3. Eugene,
    I found Quest on Google Maps looking for churches near Seattle Pacific University. I am very glad I did.

    I am excited to see a church so engaged in the surroundings, being the hands and feet, promoting the awareness of poverty…and doing something about it.

    If i ever attend SPU, or at least visit, I will definitely stop by.

    You have inspired me.

  4. eugenecho says:

    @ison3000: dude, relax.

  5. Matthew Svoboda says:

    Eugene,

    I appreciate what you and MANY others are doing with this campaign. But is that the only way you respond to ison3000? He is right, biblically, that Christ is not at the center than it is in vain. Who cares if they get a sandwich as we act like that is all they need? Start with a sandwich, sure, but if it never moves on towards us sharing Jesus then it is a big waste of time. It is even evil. “Being Jesus” by feeding the hungry does not mean anything if we are not also “proclaiming Jesus” to the hungry.

    I am disappointed that all you had to say on the issue was “dude, relax.” But don’t worry about me, I am relaxed.

  6. me says:

    @matthew: i’m not sure what else i could have said. he posted that exact same comment on several venues that were posted. i emailed him personally.

    it’s clear that you and i have different perspectives on being jesus in feeding the hungry. i don’t mind proclaiming jesus to the hungry. i care about what i will do when they say, ‘i’m not interested.’

    will i stay and feed or will i move on to the next person.

    glad you’re relaxed.

  7. Matthew Svoboda says:

    Eugene,

    Thanks for a kind, humble response. Of course, I would continue to feed. It’s not like I am promoting a “believe in Jesus or I won’t feed you.” What I am promoting is preaching the gospel to all, while you feed them. We aren’t being “like Jesus” if we only feed and never proclaim the “good news.”

Leave a Reply

Fill in your details below or click an icon to log in:

WordPress.com Logo

You are commenting using your WordPress.com account. Log Out / Change )

Twitter picture

You are commenting using your Twitter account. Log Out / Change )

Facebook photo

You are commenting using your Facebook account. Log Out / Change )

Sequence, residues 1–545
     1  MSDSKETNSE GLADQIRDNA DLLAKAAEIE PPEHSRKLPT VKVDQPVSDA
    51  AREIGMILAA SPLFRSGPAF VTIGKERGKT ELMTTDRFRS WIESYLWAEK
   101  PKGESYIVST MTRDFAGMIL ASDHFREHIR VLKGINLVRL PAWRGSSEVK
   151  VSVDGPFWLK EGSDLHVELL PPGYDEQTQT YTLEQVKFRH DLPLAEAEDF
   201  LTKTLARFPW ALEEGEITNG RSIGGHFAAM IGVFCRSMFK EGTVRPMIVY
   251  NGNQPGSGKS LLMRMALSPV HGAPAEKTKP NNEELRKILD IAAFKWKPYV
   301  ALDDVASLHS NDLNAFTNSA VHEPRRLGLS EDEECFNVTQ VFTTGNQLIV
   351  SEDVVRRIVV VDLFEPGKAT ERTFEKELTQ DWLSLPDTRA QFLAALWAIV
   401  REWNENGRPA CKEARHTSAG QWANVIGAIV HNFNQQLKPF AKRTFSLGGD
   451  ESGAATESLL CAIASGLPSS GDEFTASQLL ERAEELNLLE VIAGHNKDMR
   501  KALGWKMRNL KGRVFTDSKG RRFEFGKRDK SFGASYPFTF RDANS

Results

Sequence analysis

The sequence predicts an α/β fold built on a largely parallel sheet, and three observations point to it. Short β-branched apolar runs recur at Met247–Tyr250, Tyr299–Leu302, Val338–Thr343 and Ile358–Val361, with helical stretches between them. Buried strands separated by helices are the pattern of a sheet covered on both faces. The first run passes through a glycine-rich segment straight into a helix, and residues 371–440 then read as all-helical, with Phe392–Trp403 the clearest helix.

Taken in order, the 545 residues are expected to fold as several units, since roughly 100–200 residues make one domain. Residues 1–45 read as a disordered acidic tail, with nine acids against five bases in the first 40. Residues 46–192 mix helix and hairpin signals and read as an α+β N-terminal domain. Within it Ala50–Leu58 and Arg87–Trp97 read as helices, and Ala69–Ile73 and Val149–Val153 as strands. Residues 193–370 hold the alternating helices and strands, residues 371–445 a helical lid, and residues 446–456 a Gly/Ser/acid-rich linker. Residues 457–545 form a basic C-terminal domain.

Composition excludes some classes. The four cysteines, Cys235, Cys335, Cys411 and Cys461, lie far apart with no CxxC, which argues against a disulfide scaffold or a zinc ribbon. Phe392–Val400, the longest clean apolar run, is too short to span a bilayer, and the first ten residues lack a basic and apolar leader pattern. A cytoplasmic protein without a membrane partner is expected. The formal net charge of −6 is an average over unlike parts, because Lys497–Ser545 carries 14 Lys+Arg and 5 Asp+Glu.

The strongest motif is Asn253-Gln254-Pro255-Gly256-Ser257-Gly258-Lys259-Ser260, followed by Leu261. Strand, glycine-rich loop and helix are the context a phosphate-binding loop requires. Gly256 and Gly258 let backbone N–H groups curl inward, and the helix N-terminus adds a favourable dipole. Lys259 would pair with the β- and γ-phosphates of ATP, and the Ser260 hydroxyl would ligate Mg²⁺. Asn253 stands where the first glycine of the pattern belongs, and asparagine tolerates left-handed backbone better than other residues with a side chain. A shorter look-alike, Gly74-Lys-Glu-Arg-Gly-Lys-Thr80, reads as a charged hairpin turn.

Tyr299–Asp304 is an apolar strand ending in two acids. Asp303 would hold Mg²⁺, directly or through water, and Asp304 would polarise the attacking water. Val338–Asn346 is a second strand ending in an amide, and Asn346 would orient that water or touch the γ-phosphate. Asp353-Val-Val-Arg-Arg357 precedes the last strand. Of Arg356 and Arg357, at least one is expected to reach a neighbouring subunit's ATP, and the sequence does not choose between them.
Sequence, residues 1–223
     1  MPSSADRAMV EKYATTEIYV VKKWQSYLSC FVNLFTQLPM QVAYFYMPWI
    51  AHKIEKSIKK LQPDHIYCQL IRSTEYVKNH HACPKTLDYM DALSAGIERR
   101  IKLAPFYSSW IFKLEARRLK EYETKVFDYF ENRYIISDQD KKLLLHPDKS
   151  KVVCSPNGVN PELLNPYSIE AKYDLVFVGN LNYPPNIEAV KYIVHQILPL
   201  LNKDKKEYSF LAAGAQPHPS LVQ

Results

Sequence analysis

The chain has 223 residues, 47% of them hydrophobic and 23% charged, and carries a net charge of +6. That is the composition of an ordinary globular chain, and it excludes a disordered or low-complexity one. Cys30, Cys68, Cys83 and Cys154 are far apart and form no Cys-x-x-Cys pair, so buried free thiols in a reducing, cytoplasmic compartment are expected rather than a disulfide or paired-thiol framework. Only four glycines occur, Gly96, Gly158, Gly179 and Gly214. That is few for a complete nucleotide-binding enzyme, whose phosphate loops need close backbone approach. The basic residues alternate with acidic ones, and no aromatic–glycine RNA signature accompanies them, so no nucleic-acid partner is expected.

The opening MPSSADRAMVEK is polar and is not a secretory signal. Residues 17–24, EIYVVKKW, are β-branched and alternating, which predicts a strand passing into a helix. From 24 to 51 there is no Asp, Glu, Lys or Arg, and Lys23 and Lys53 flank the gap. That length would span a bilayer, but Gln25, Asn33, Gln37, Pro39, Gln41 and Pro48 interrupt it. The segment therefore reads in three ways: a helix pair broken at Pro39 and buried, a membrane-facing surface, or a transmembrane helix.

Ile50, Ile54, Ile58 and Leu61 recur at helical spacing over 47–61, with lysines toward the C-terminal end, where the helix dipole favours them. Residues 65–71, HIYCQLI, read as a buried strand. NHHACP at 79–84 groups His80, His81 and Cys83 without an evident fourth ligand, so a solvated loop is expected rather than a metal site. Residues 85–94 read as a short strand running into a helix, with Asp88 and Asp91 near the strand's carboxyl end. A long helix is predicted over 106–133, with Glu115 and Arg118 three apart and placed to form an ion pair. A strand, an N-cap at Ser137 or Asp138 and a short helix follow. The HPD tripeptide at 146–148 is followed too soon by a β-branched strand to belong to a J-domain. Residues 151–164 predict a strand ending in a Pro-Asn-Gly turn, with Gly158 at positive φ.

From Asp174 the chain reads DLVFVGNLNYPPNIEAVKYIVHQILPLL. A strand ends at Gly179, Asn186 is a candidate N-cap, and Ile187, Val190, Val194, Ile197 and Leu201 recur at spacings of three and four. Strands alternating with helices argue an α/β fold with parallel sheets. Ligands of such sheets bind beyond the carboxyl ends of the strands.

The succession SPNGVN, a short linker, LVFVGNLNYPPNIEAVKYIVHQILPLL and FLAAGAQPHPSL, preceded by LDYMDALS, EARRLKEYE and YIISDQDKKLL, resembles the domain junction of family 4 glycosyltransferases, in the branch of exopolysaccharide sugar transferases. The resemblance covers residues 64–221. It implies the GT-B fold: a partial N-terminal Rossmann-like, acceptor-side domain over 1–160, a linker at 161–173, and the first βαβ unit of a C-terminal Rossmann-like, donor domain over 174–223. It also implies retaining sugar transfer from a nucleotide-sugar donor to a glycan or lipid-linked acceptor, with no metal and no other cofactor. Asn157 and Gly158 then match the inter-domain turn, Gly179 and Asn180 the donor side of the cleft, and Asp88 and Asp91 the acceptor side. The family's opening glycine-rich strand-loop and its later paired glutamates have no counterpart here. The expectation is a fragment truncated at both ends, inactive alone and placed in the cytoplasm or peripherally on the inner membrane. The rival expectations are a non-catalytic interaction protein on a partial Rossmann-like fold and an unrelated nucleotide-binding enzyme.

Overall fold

Google+ photo

You are commenting using your Google+ account. Log Out / Change )

Connecting to %s

stuff, connect, info

One Day’s Wages

My Instagram

As we honor Rev. Dr. Martin Luther King, Jr., don't forget the God behind the man. The one true God who deposited this dream into MLK is still speaking to us today. Are we listening?

Be courageous. Be brave.

Being invited by the King Family to speak at the MLK worship service at Ebenezer Baptist Church in 2016 remains one of the most unexpected honors of my life. On the right is his daughter, Dr. Bernice King and his sister, Dr. Christine King Farris. Walking throughstreet markets in different parts of the world is the best. Soaking in the culture. Listening to the local language and music. Enjoying the amazing cuisine. Meeting new friends. Praying for the Gospel to penetrate. #ChiangRai Blessed be the local, indigenous leaders for it is they who live in the very communities they seek to love. For it is they who understand their context and culture...better than a Westerner ever will. For it is they who will continue to tenaciously pursue a better world with hope, justice and love when visitors like me leave.

Yes, blessed be the local, indigenous leaders. What an honor and privilege to celebrate with the on-the-ground local @thefreedomstory team to celebrate the recent opening of their Education and Resource Center for the local youth in Chiang Rai, Thailanf. This was made possible through a partnership and matching grant by @onedayswages and The Freedom Story.